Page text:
Physics Seminar: Professor Ulrik Egede
- Date: Fri, 7 Jun 2019, 4:00 pm - 5:00 pm
- Location: Kerr Grant Lecture Theatre - Physics Building
- Cost: FREE
- Contact: Associate Professor Paul Jackson 8313 0269
- Email: firstname.lastname@example.org
Presenter: Professor Ulrik Egede
School of Physics & Astronomy
Professor Ulrik Egede finished his PhD in 1998 from Lund University and became a professor at Imperial College London in 2012. He has since his PhD worked on the search for physics phenomena that can't be explained by the Standard Model of particle physics. This search has been carried out with data from first the BaBar experiment at SLAC and then the LHCb experiment at CERN. His work on how to link together the theory for the effects of QCD with the experimental measurements of rare b-hadron decays has been of key importance to identify the currently observed deviations from Standard Model predictions. Since 2019 he is a professor at Monash University.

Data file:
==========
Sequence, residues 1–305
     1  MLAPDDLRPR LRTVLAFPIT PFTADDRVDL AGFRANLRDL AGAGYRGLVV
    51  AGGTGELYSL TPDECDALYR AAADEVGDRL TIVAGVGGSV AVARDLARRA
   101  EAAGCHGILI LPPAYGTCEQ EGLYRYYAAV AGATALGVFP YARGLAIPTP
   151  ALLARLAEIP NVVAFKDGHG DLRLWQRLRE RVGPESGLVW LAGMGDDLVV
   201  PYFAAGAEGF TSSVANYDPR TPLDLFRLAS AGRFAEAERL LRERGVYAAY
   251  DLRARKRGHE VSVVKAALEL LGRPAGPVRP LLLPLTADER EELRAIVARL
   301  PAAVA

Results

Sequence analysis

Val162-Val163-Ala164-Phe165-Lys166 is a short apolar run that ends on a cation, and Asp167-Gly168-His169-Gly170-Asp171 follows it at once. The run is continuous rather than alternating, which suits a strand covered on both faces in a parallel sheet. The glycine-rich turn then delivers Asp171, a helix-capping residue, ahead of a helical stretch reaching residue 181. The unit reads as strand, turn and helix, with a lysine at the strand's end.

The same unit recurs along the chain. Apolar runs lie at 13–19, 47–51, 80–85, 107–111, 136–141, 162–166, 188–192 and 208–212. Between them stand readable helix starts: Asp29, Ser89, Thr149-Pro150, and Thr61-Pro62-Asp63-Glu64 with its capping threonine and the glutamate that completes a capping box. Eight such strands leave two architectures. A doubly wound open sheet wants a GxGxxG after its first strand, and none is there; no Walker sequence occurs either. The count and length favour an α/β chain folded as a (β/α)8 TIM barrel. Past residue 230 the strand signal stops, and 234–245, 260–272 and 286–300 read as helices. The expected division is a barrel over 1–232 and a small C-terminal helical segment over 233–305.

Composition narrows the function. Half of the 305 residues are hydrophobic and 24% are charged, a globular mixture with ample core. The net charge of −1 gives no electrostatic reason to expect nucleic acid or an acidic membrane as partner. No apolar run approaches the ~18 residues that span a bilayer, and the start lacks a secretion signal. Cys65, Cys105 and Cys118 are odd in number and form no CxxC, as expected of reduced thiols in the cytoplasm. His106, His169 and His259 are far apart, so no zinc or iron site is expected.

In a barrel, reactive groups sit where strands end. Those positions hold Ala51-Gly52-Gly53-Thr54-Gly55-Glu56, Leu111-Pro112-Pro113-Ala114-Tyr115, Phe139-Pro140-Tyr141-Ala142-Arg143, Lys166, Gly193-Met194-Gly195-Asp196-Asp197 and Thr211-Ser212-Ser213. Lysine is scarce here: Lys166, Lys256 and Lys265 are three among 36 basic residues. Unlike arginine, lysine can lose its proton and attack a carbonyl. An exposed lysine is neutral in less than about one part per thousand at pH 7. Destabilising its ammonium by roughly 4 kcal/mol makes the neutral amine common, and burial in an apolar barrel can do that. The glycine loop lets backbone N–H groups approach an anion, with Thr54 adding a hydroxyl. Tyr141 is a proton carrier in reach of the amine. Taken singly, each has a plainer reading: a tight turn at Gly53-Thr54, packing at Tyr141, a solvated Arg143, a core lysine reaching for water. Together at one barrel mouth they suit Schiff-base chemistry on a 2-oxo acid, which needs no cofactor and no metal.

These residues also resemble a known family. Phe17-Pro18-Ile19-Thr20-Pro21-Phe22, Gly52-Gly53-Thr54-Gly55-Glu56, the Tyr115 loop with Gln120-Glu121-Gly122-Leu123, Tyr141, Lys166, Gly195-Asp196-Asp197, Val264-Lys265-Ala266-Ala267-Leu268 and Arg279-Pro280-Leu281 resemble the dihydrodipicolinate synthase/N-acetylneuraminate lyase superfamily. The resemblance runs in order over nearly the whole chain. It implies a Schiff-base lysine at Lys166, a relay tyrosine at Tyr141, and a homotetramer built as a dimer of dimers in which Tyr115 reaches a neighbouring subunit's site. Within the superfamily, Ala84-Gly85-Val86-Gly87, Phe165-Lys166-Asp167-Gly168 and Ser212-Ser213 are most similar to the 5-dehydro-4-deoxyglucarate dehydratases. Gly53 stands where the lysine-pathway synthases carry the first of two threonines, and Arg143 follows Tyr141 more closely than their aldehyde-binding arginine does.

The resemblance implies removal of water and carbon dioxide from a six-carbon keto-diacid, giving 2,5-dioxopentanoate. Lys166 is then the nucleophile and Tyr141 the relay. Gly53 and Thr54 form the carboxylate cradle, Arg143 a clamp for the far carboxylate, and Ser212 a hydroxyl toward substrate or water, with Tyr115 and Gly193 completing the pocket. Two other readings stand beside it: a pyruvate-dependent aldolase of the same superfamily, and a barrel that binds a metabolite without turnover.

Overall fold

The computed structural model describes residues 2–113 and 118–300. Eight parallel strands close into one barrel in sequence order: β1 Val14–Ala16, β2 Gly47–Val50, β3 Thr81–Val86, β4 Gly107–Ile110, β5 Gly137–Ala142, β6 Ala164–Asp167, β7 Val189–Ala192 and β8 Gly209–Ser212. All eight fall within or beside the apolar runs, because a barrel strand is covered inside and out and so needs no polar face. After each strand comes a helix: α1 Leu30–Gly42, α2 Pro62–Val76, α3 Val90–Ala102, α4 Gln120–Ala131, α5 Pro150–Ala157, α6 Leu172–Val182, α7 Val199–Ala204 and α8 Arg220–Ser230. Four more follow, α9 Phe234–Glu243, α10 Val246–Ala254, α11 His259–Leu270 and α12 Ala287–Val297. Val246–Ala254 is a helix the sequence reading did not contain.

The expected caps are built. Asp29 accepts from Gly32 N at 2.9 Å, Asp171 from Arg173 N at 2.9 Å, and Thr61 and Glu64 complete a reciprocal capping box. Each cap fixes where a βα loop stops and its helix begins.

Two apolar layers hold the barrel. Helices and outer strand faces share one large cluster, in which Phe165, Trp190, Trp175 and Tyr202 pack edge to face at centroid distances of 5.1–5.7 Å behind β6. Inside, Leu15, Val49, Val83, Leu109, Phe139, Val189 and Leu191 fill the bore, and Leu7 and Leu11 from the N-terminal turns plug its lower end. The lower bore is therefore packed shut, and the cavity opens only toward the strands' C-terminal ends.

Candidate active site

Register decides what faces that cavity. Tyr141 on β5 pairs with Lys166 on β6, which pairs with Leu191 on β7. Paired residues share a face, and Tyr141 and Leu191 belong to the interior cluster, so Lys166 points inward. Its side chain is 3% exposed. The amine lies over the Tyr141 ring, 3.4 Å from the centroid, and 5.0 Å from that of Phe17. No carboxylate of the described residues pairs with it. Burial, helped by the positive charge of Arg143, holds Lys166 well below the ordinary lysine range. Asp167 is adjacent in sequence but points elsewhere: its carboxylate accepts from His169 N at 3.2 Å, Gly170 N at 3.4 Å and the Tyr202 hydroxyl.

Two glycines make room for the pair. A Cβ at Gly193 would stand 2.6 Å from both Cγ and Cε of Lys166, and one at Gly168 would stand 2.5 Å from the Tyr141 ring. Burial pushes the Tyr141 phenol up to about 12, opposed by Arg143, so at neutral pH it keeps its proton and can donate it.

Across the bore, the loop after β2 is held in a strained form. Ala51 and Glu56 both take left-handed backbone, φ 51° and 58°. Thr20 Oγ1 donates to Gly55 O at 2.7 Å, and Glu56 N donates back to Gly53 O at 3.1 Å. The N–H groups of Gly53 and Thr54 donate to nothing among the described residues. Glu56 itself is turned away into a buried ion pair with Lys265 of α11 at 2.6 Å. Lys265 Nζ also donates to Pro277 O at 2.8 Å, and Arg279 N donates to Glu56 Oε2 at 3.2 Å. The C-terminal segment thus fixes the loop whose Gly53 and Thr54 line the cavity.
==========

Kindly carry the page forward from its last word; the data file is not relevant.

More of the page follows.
Can beauty in particle physics reveal the secrets of the Universe?
The Large Hadron Collider has through its copious production of hadrons containing b quarks opened up a new field of precision research into the fundamental aspects of the Universe.
While the Standard Model of particle physics is a great success it is also a great failure; it can describe the interactions of fundamental particles with incredible precision, but at the same time fail to explain 95% of the energy content of the universe and the absence of antimatter.
I will discuss how the study of the decays of beauty-hadrons, heavier versions of protons and pions, offer one of the best avenues for getting beyond this success/failure paradigm. Indeed measurements made by the LHCb experiment at CERN over the past few years have shown a number deviations from Standard Model predictions and could form the first hints of how the Standard Model will require an extension.